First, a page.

Was Jesus or Adam a Zombie? Jeff Cook says…

Was Jesus a Zombie? by Jeff Cook (info at bottom).

He came back to life after his death. He is chasing all human beings everywhere. Once he gets hold of people, his blood changes them and they in turn seek to change others.

Could it be more clear? Jesus was a Zombie.

I just started watching “The Walking Dead”. The directors routinely show the transformation of a corpse into one rising up, walking among the living, at one point calling such a resurgence: “the resurrection event.”

There are interesting parallels here worth exploring with Jesus—and some healthy distinctions to be made.

First, we should remind ourselves what resurrection is. Resurrection is not a blood disease or the recovery of a corpse. Resurrection is not a natural process, and it is certainly not something that makes one “the living dead.” Jesus’ resurrection was a total physical renewal. On Easter morning, death and corruption were decisively overrun in this single human person, as every cell of Jesus’ body cast off mortality for immortality.

Resurrection, then, is what it looks like when the affects of sin are removed from a human being. Resurrection is what it looks when a person becomes what they were always made to be. Resurrection is a transformation from mere creature into an immortal child of God.

Looking at other stories, the better biblical example of one with zombie-ism was actually Adam. Adam dies, yet he lives. He experienced a debilitating soul-infection, which he began passing on to others.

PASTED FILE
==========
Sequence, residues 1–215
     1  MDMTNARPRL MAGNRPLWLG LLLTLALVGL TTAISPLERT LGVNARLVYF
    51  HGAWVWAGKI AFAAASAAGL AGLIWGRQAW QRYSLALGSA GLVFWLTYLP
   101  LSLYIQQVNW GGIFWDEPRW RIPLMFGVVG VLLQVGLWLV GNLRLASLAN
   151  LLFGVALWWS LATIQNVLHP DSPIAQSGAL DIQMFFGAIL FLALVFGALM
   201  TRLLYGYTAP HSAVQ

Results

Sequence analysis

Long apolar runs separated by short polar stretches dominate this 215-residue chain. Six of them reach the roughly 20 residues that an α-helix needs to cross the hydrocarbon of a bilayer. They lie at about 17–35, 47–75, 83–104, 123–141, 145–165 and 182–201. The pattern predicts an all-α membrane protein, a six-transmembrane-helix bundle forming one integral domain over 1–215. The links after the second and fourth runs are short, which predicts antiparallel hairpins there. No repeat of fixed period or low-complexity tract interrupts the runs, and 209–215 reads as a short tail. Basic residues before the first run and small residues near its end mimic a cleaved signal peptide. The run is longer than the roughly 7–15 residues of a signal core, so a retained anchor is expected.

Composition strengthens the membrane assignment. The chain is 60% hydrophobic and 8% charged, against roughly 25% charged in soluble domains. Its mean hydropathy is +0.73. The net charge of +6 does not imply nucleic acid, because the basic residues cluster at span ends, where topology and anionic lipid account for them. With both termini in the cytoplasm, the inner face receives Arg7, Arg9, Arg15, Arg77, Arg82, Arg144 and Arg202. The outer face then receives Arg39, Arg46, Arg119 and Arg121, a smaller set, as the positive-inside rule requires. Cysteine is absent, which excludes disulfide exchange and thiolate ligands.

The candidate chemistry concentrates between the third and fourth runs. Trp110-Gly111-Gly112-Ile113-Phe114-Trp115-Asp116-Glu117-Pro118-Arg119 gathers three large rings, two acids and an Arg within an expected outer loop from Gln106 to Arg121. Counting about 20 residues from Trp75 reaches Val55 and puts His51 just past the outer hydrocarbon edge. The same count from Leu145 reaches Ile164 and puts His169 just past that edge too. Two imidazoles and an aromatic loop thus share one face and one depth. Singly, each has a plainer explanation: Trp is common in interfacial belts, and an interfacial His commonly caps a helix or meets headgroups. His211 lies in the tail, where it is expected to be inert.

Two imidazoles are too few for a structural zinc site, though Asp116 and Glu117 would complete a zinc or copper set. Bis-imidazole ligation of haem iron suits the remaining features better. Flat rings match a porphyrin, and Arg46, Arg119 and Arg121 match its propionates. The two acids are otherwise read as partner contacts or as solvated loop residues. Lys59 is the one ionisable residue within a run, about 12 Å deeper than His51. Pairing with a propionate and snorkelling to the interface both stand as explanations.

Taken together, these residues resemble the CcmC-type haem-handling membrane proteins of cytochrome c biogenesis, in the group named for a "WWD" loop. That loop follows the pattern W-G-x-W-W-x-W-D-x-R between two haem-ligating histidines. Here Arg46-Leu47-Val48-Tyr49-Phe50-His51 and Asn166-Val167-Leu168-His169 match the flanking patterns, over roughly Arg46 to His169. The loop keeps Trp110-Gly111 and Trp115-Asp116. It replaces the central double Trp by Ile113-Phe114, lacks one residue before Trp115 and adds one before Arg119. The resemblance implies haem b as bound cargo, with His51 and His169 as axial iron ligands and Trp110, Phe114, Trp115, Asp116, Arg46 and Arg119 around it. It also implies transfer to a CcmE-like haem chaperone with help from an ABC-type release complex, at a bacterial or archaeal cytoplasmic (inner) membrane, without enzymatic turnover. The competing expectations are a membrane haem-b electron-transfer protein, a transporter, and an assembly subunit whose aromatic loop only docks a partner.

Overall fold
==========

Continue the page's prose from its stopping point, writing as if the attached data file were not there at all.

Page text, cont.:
Adam’s zombie-like condition is actually a great metaphor for how sin infects and behaves. Sin not only spreads, it destroys one’s mind and humanity. Sin is passed on when someone claws us, bites us, maims us, and we transform into something we were never made to be.

The surprising news Jesus announced was that this process of death being spread has come to an end and is now being reversed. Human beings are being baptized into health and rising again within. In this way Jesus was like Patient Zero—the first to change—but what he spreads is the exact opposite of Adam’s zombie-ism; the blood of Jesus is more like anti-serum for those of us already infected—those of us aware that we are actually the walking dead.

Jeff Cook teaches philosophy at the University of Northern Colorado. He is the author of Everything New: One Philosopher’s Search for a God Worth Believing In and is the pastor of Atlas Church in Greeley, Colorado. www.everythingnew.org @jeffvcook

About Scot McKnight

Scot McKnight is a recognized authority on the New Testament, early Christianity, and the historical Jesus. McKnight, author of more than forty books, is the Professor of New Testament at Northern Seminary in Lombard, IL.

  • http://www.ingodsway.org Paul
  • Luke Wassink

    “Jesus’ resurrection was a total physical renewal.” Why? I’m not disagreeing: I’m honestly curious as to how you arrived at that conclusion. Also, if that is the case, why were there still wounds for Thomas to feel? If the renewal was as complete as you suggest, going down to the celular level, shouldn’t huge gaping wounds have been dealt with?

  • http://parablemania.ektopos.com Jeremy Pierce

    Isn’t it more interesting to ask if Adam was a Davidsonian Swampman?

  • http://everythingnew.org Jeff Cook

    Jeremy (3) Yes. Yes it is.

    Luke (2) Our scars are valuable. Why wouldn’t the things we have suffered be given or hold their meaning and beauty in the new creation?

    I arrive at the conclusion through thinking about what new creation requires. You can certainly pitch a different portrait. What say you?

  • Marshall

    @Jeff, Would you accept saying that the testimony is ambiguous, the details underspecified?

    @Jeremy, That’ll preach, but only to analytic philosophers.

  • http://everythingnew.org Jeff Cook

    Marshall (5). No. But you could tell me why I should believe that.


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